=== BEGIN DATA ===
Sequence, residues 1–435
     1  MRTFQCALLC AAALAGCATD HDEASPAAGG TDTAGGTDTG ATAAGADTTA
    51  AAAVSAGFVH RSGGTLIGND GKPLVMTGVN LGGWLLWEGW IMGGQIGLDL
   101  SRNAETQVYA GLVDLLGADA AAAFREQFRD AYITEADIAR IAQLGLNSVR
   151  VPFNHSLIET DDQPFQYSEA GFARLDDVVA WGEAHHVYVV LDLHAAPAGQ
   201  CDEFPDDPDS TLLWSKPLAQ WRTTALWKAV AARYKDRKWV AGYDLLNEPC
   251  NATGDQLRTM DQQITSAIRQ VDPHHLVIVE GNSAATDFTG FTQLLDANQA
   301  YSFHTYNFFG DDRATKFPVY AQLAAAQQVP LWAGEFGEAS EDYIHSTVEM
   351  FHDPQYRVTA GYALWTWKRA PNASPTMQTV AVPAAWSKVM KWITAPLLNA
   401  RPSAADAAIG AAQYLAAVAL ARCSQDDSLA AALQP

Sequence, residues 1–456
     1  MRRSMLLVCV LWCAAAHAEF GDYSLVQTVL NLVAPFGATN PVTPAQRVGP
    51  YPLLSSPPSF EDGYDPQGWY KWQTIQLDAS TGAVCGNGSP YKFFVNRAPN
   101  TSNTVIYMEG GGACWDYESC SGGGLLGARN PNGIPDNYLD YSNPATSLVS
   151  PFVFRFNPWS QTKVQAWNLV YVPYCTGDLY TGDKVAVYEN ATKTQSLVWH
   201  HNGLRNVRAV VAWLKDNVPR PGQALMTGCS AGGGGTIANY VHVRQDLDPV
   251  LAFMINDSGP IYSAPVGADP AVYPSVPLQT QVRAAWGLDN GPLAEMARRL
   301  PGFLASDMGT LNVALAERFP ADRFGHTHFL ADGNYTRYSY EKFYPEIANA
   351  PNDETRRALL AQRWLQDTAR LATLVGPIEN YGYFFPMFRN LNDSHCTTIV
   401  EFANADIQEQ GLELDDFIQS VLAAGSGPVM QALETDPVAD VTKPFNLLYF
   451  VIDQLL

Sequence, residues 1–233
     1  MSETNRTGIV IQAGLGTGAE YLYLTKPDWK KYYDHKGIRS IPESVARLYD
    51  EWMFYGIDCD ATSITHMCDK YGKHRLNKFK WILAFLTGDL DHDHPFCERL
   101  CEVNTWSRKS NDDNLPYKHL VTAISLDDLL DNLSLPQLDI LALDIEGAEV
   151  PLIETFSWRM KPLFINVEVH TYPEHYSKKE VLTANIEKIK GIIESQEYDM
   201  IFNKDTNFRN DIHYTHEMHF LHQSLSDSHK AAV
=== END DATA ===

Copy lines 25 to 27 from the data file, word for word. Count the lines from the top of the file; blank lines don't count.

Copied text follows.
   101  CEVNTWSRKS NDDNLPYKHL VTAISLDDLL DNLSLPQLDI LALDIEGAEV
   151  PLIETFSWRM KPLFINVEVH TYPEHYSKKE VLTANIEKIK GIIESQEYDM
   201  IFNKDTNFRN DIHYTHEMHF LHQSLSDSHK AAV